In this pairing more than any other, we saw the difference in sensibilities between generations. Boutwood is the ultimate corporate chef, helming 69 restaurants as well as his own brainchild, Te Test Kitchen, in the evenings. Soenen oversees 14 outlets in Resorts World Manila, plus in-room and casino-floor dining, as well as running his restaurant there, Impressions at Maxims Hotel. Just as Boutwood managed to carve out time in his career to give himself more work (and ultimately, sanity) by cooking degustation menus for 20 guests a night at The Test Kitchen, Soenen was all too willing to reprise a dish he had not made for years, and help us obtain a not-inconsiderable chunk of whole foie gras (from the venerable Rougie, no less, which is available, if you want to try the recipe, at Säntis).

Josh Boutwood

When he was working at Prince Albert at the InterContinental Hotel, Soenen wanted to create a dish that used local ingredients. Afer some attempts at using calamansi, he settled on pomelo, which had been earlier deemed too bitter—he blanches it 12 times, throwing out the water each time, and then makes a candy using a syrup at 30 degree Baumé. Te candied peel goes into a mix of other ingredients, which is roasted with the foie gras wrapped in a layer of pomelo leaves. The result is breathtakingly complex and rich.


Duck poached in its fat, duck foie gras, Jerusalem artichoke puree, yeast, and onion sauce

Boutwood’s dish is meant to slot into a menu among many other dishes, as is the custom with more contemporary menus: a longer succession of smaller plates, rather than just a few very heavy ones. Tere is a restrained piece of perfectly cooked duck meat, and a slice of foie gras ballotine—but where it gets interesting is the sauce. Who would have ever thought yeast could taste so good? The rich, dark, malty flavors cut through the fat of the foie gras, melding it with the slice of duck meat. I could imagine the dish as the main course of one of Boutwood’s expansive degustation menus, just as I could imagine Soenen’s foie gras as the pièce de résistance of one of those expansive, note-perfect French dinners that dominated the end of the last century.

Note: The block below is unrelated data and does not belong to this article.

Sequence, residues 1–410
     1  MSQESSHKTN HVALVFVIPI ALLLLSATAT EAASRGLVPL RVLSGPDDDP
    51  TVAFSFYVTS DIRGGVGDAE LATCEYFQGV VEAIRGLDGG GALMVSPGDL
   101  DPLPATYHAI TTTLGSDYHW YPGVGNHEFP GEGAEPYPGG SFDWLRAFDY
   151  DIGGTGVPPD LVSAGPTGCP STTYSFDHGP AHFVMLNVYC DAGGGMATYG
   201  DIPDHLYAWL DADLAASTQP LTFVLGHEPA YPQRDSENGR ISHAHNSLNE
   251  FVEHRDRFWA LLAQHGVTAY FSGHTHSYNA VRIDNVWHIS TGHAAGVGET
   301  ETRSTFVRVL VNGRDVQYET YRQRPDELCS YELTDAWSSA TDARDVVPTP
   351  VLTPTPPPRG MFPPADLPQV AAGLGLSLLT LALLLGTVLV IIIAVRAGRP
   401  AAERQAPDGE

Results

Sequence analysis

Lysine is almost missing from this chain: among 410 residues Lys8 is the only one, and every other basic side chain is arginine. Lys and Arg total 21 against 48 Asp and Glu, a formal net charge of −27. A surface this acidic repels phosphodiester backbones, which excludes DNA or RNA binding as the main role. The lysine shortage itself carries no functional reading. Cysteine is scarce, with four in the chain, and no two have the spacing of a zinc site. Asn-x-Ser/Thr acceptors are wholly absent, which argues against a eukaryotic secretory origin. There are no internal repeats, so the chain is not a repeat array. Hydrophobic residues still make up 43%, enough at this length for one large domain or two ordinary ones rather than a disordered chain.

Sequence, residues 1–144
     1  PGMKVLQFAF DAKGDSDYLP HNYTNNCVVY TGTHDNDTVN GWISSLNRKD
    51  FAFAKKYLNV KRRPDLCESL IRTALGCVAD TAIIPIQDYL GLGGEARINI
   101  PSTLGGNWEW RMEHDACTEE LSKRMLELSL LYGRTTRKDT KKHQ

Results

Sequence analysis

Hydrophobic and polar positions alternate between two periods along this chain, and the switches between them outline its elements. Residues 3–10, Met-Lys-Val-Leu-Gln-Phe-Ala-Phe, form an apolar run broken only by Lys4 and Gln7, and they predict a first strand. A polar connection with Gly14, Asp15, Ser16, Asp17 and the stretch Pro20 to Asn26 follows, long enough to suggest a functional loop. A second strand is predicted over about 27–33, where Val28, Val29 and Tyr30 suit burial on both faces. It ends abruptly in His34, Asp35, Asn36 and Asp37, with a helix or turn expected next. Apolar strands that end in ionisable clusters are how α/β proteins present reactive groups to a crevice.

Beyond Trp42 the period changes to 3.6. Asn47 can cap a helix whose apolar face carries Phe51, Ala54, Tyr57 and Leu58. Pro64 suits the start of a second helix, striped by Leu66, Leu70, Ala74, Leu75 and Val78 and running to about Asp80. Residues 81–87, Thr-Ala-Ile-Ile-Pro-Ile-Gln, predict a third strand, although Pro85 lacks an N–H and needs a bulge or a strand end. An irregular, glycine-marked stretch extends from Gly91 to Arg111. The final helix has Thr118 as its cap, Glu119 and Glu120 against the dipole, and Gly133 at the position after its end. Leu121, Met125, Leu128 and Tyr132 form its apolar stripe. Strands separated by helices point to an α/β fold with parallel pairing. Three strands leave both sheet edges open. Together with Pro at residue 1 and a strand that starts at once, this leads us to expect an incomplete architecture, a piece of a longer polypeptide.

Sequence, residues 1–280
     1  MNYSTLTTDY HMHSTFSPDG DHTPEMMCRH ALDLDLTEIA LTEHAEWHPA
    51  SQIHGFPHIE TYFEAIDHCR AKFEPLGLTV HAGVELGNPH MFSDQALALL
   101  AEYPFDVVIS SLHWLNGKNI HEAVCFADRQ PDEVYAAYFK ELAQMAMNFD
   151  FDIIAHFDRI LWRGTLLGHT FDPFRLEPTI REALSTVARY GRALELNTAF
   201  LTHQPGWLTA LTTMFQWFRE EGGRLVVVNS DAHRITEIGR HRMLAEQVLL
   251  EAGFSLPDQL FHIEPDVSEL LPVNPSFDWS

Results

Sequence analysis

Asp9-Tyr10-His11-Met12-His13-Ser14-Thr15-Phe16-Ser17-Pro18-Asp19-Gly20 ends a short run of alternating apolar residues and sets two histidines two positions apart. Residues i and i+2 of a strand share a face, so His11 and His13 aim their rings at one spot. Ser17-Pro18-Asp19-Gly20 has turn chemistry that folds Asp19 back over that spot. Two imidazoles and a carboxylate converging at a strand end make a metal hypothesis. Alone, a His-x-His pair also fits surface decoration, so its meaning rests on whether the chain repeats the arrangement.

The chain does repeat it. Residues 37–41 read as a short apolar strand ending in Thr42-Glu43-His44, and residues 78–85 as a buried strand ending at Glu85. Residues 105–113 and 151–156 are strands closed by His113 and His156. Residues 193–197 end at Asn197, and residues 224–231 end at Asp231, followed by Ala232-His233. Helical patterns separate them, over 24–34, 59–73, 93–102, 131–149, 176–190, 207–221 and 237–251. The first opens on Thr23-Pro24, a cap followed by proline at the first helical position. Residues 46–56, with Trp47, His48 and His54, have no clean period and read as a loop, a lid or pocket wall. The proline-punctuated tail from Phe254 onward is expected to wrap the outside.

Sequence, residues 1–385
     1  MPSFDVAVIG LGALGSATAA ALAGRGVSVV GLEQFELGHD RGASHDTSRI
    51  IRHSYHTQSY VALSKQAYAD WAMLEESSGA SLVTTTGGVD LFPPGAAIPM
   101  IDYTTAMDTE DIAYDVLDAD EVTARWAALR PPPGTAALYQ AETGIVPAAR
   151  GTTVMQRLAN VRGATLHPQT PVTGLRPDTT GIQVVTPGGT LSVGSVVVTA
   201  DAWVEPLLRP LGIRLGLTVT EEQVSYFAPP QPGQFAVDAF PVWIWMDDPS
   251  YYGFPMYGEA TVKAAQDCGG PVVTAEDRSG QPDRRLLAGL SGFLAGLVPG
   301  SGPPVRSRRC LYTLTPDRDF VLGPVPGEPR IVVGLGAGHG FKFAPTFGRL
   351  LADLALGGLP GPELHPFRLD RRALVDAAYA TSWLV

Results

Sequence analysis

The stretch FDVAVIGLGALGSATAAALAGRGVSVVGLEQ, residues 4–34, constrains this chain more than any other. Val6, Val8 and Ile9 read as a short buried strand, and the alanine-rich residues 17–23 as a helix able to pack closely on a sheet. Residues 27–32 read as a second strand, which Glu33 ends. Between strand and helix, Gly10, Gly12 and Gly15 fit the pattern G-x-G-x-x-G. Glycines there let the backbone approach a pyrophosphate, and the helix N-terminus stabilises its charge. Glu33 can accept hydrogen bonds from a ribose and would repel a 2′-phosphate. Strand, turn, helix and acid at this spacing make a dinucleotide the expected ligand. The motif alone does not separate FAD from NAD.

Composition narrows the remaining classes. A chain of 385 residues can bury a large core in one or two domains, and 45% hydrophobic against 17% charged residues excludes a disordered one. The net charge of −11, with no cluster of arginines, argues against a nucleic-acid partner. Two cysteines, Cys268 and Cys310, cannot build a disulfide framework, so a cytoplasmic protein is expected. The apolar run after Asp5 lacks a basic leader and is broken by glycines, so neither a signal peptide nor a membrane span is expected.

Markus Gfeller and Nicco Santos

Markus Gfeller

Of the different point and counterpoint we encountered, this pair had the most continuity between them. Markus Gfeller’s made his well-known apple galette, a favorite of diners at all the restaurants where he has worked starting with Grassi’s, then Soleil, later Aqua, and eventually CAV wine bar, where he is now head chef and partner. The apple galette is almost Zen-like in its simplicity, which allows for fewer errors. A ring of apple slices on a puff pastry base, baked, smothered with cream, then broiled to get the cream rich and brown, and then a dollop of cinnamon ice cream.

Galette of apples with cinnamon ice cream

Gfeller had just come from a teaching stint abroad and was jet-lagged but game, and like many of the senior chefs, he had a certain result in mind; and if what came out of the oven was not what he had intended, he would start again until it was right. Nicco Santos, on the other hand, said—we’re still not sure if he was trying to be self-deprecating—“I honestly didn’t know how it would taste… I had a vague mental idea, though, and I knew that each of the individual ingredients tasted good.”

Nicco Santos

Santos’s background and forte is Asian cooking, mostly Singaporean but Cantonese as well; he knows his wok and cleaver skills, and enamored of Asian ingredients as well as techniques. He cooks at two restaurants, Hey Handsome and Your Local. We asked him to create the recipe as though it were something he would serve at one of his restaurants, and he did not disappoint: the apples were pressed, in a vacuum-sealed bag, with galangal juice; the process concentrated the flavor so that the apples tasted more appley than they could achieve on their own, and added just the slightest note of fermentation. The pili nut butter added the bass notes. The result was a photogenic jumble in the contemporary style, while the flavors—whether intended or not—were a coherent symphony of different voices and textures and flavor notes. There was no better dish: Gfeller had executed a traditional dish with his trademark perfection; Santos had improvised an interpretation that was spontaneous and playful. It’s the difference between classical and jazz. We happen to like both.